Basic Bark Beetle Life Cycle

Most – if not all – pine beetles form large aggregations, consisting of thousands of adult beetles. Mating usually follows the mass arrival at a single tree, and the females begin tunneling through the tree’s tough outer bark soon thereafter. Once under the outer bark, the females usually begin constructing egg galleries – small tunnels cut into the living inner bark (phloem) or the tree. The eggs are laid along the sides of these galleries, where they will remain until they hatch shortly later.

Upon hatching, the larvae begin feeding voraciously on the nutrient-rich phloem. These feeding tunnels are often visible under the bark of afflicted trees. Like many other insects, pine beetles spend most of their lives in the larval, rather than adult, life stage. Nevertheless, they eventually complete their larval life stage and pupate under the bark of the tree.

A short while later, the adult beetles emerge from their pupal state, and seek out other beetles, thus starting the process anew.

Native Pine Beetle Species

The bulk of the economically important bark beetles are members of the genus Dendroctonus. Most bark beetles are small, black to brown insects that are about one-quarter-inch long. But despite their small size, these miniscule bark munchers can cause a lot of trouble for the trees they infest. Biologists clearly understood this when originally describing these pests – their generic name, Dendroctonus, literally means “tree killer.”

As currently construed, the genus Dendroctonus contains nearly 20 species of bark-eating beetles. Most of these species range from the far northern reaches of North America down as far south as Nicaragua; however, two species inhabit northern Europe and Asia. Though they all exhibit the same basic life history, the various species differ with regard to their preferred host species, gallery-creating behaviors and morphology.

Southern California is home to four native bark beetle species.

  • Western pine beetle (Dendroctonusbrevicomis) – The western pine beetle is an aggressive bark beetle, capable of killing even otherwise healthy trees. Its primary hosts include the ponderosa and Coulter pines.


  • Mountain pine beetle (Dendroctonus ponderosae) – As its name suggests, the mountain pine beetle ranges throughout most of the Rocky Mountain region, but it also spills into the Sierra Nevada range as well. The mountain pine beetle primarily attacks four different pines, including ponderosa, sugar, lodgepole and white.


  • Jeffrey pine beetle (Dendroctonus jeffreyi) – Jeffrey pine beetles are so-named for their habit of feeding solely on Jeffrey pines. Often, Jeffrey pines cause a widening circle of dead trees, which may grow in circumference from one year to the next.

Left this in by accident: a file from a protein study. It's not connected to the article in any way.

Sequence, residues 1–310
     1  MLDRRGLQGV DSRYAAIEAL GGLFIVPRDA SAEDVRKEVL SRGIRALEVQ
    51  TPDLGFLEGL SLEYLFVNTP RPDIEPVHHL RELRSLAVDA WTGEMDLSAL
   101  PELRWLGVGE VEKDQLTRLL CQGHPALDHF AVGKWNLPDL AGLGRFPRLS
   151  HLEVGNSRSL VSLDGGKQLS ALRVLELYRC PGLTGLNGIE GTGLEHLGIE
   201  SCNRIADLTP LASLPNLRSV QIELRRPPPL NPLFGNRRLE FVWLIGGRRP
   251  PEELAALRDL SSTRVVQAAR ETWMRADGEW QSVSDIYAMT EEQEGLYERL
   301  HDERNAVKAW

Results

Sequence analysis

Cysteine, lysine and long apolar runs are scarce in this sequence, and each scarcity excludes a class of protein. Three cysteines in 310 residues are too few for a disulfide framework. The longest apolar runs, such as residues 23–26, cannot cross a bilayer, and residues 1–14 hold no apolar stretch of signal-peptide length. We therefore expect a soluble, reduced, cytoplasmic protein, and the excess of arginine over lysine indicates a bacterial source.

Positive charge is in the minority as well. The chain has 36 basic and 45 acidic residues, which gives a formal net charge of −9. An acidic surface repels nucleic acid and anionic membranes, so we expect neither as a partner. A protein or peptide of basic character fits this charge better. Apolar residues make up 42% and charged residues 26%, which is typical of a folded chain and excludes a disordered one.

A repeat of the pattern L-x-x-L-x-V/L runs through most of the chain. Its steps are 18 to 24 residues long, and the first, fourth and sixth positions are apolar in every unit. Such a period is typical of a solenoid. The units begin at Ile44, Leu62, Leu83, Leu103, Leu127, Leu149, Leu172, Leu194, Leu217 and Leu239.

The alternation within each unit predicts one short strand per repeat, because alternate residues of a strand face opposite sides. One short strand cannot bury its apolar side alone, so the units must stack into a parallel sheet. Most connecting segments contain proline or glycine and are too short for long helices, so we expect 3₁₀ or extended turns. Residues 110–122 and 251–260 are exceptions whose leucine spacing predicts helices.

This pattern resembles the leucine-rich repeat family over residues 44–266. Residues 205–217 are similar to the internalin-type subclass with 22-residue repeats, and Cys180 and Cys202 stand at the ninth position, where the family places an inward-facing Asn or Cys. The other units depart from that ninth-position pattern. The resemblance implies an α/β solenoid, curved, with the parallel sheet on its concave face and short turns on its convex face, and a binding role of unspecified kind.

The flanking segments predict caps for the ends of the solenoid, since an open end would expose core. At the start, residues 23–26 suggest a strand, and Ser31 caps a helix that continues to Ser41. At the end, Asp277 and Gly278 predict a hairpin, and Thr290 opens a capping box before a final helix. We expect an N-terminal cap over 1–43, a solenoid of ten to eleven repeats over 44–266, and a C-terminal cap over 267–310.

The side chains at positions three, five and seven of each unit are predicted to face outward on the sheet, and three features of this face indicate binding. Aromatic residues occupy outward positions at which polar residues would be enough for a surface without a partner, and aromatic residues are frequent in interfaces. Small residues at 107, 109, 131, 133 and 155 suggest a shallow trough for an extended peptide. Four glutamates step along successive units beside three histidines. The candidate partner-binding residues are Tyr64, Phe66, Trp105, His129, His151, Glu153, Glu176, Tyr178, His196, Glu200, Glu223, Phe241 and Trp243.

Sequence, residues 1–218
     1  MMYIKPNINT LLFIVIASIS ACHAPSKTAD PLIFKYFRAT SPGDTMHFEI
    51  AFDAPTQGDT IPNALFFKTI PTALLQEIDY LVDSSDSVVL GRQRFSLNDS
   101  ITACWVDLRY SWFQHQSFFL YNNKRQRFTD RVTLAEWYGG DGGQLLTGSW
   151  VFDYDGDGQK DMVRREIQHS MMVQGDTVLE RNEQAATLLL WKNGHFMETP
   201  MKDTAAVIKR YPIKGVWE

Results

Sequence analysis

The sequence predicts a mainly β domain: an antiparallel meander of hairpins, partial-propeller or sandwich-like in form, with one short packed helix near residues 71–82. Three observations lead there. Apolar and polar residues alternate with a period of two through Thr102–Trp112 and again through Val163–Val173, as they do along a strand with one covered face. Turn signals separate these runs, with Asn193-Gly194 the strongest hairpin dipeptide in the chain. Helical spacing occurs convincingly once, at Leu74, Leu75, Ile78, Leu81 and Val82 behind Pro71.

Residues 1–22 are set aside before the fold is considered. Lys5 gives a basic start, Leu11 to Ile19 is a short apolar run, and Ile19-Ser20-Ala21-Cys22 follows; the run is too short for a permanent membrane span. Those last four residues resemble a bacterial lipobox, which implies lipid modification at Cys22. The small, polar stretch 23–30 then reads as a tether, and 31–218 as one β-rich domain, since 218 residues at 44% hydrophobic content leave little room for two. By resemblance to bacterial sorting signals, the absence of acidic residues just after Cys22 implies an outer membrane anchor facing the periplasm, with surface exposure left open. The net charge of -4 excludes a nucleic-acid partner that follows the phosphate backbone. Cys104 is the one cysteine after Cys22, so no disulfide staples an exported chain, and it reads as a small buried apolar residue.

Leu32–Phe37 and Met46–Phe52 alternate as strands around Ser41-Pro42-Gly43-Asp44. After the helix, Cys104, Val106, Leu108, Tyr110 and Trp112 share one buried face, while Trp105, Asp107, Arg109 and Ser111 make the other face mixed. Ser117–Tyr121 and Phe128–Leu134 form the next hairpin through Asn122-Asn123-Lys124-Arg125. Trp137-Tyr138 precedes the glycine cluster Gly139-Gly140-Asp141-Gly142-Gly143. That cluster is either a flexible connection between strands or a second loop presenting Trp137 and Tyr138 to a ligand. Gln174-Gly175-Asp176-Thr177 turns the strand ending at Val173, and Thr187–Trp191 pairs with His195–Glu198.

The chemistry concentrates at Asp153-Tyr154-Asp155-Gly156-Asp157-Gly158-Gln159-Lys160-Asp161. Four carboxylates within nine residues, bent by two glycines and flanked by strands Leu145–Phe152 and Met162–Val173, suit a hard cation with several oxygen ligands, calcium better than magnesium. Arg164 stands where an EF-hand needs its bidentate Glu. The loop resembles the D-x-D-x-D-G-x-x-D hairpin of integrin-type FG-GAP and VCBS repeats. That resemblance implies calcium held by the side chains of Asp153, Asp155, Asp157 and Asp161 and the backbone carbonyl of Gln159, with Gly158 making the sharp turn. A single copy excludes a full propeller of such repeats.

• Red turpentine beetle (Dendroctonusvalens) – The red turpentine beetle has the largest range of any of the North American bark beetles. However, this beetle is not usually responsible for widespread die offs. This species has been documented inhabiting more than 40 different conifer species, although it usually feeds on the phloem of pines.

Exotic Beetles

In addition to the native bark beetles that have been co-evolving alongside their hosts for thousands of years, several invasive bark beetle species have been introduced to California and other locations. Currently, three species – the banded elm bark beetle (Scolytus schevyrewi), the Mediterranean pine engraver (Orthotomicus erosus) and the redhaired pine bark beetle (Hylurgus ligniperda) — have been documented to occur within the state’s borders. Note that while these insects are still considered bark beetles, they are not categorized in the same genus as the North American natives are.

In addition to threatening pines and other conifers as native bark beetles do, these exotic invaders may also introduce pathogens, fungi and other harmful organisms to North American ecosystems.

The Defenses of Trees

Conifers do not simply stand by and allow pine beetles to destroy their tissues, they actively defend themselves from beetle attacks. Their primary weapon against the beetles is their thick, sticky sap, which begins flowing from the holes the beetles create in the inner bark. However, pine beetles often attack trees en masse, which often overwhelms the host tree’s ability to repel the beetles.

You can often see the evidence of bark beetle attacks, via “pitch tubes.” Pitch tubes are holes made by the beetles, which have hardened sap that has flowed out of the hole. Sometimes, it is possible to see dead beetles trapped inside the sap.

Environmental Impact

Like most other native insects and pests, pine beetles rarely cause widespread problems for the ecosystem as a whole. Single trees may often die, but the forests continue, largely unaffected. In fact, the beetles play important roles in ensuring biodiversity and forest succession. However, this historical trend has been disturbed by habitat alteration, increasingly frequent and prolonged droughts and commercial forestry operations.

Accordingly, vast swaths of trees are dying off in portions of the country. This is most pronounced in areas that have suffered through prolonged droughts, as the lack of water reduces the amount of sap available to the trees to use in defense.